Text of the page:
Santa's helpers work at the post office, and they want to spread even more cheer this holiday season. Thousands of letters to Santa are directed through the U.S. Postal Service each year, and this season, workers are making sure that kids' wishes come true. They created a special Operation Santa program, where they upload the sweet messages from children and let people sponsor them to give them a Christmas present.
The first big batch of letters went up last week, and the program has been so successful, that they are already soliciting more so that as many kids as possible can have a merry Christmas.
We say it's the best use of letters to Santa since they dropped them off at the courthouse in "Miracle on 31st Street." We're not surprised that all of the letters were adopted so quickly.
Lots of families like to give back at the holidays and help others who might be struggling. But sometimes it can seem daunting to follow regulations for organizations like the Salvation Army, since you might need a decent-sized budget to take care of a kid's wants and needs. But the USPS program allows people to choose their gift, which means that they can find one to match their budget.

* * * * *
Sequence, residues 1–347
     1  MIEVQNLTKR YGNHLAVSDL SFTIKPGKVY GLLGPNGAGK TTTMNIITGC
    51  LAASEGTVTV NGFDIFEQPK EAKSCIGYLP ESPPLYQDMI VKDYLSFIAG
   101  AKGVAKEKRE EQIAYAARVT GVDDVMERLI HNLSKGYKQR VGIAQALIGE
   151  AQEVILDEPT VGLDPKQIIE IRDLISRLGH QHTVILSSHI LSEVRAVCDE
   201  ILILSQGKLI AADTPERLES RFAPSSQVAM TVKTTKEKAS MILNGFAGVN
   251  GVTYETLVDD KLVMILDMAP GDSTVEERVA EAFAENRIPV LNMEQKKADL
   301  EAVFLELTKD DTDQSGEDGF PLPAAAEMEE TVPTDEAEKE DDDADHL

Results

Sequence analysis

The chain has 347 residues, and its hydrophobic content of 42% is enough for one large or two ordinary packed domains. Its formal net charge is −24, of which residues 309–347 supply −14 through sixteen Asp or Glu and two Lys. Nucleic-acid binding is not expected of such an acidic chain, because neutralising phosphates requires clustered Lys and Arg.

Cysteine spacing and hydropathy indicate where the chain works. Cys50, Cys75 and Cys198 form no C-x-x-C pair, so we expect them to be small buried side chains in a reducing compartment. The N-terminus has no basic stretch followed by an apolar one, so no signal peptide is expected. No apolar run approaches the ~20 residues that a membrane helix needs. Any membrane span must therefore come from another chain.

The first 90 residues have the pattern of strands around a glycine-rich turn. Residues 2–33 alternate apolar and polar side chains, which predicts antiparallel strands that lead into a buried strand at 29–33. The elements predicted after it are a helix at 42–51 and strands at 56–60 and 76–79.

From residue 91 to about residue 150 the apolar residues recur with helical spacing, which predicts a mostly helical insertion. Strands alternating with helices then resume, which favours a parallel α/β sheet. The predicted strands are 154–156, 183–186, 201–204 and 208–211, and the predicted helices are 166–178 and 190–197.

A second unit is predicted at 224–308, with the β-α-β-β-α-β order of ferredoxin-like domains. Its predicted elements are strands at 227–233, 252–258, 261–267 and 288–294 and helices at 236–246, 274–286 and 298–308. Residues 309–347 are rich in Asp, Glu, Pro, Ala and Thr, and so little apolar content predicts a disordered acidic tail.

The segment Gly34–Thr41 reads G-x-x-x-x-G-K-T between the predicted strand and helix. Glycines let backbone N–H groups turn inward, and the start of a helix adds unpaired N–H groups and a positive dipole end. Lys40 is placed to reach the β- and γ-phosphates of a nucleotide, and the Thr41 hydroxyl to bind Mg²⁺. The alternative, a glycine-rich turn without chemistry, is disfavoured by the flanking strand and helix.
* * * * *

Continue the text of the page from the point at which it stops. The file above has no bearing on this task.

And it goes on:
Plus, we all get some nostalgia in thinking about our own letters to Santa. Seeing the wishes from youngsters — and the way that they greet Santa and Rudolph and promise to be good — gives us all the feels and brings us back to our own childhood.
We imagine that postal workers used to feel helpless at the holidays. They would get those letters to Santa — bestowing so many hopes and dreams and wishes — and they have a direct route to the North Pole. That meant that they couldn't do much to help out their customers.
This new program allows them to do the good deeds and make the connections at Christmas that they get to do throughout the year. They are delivering the hopes of dreams of kids this holiday season, and they won't let rain nor sleet nor snow stop them.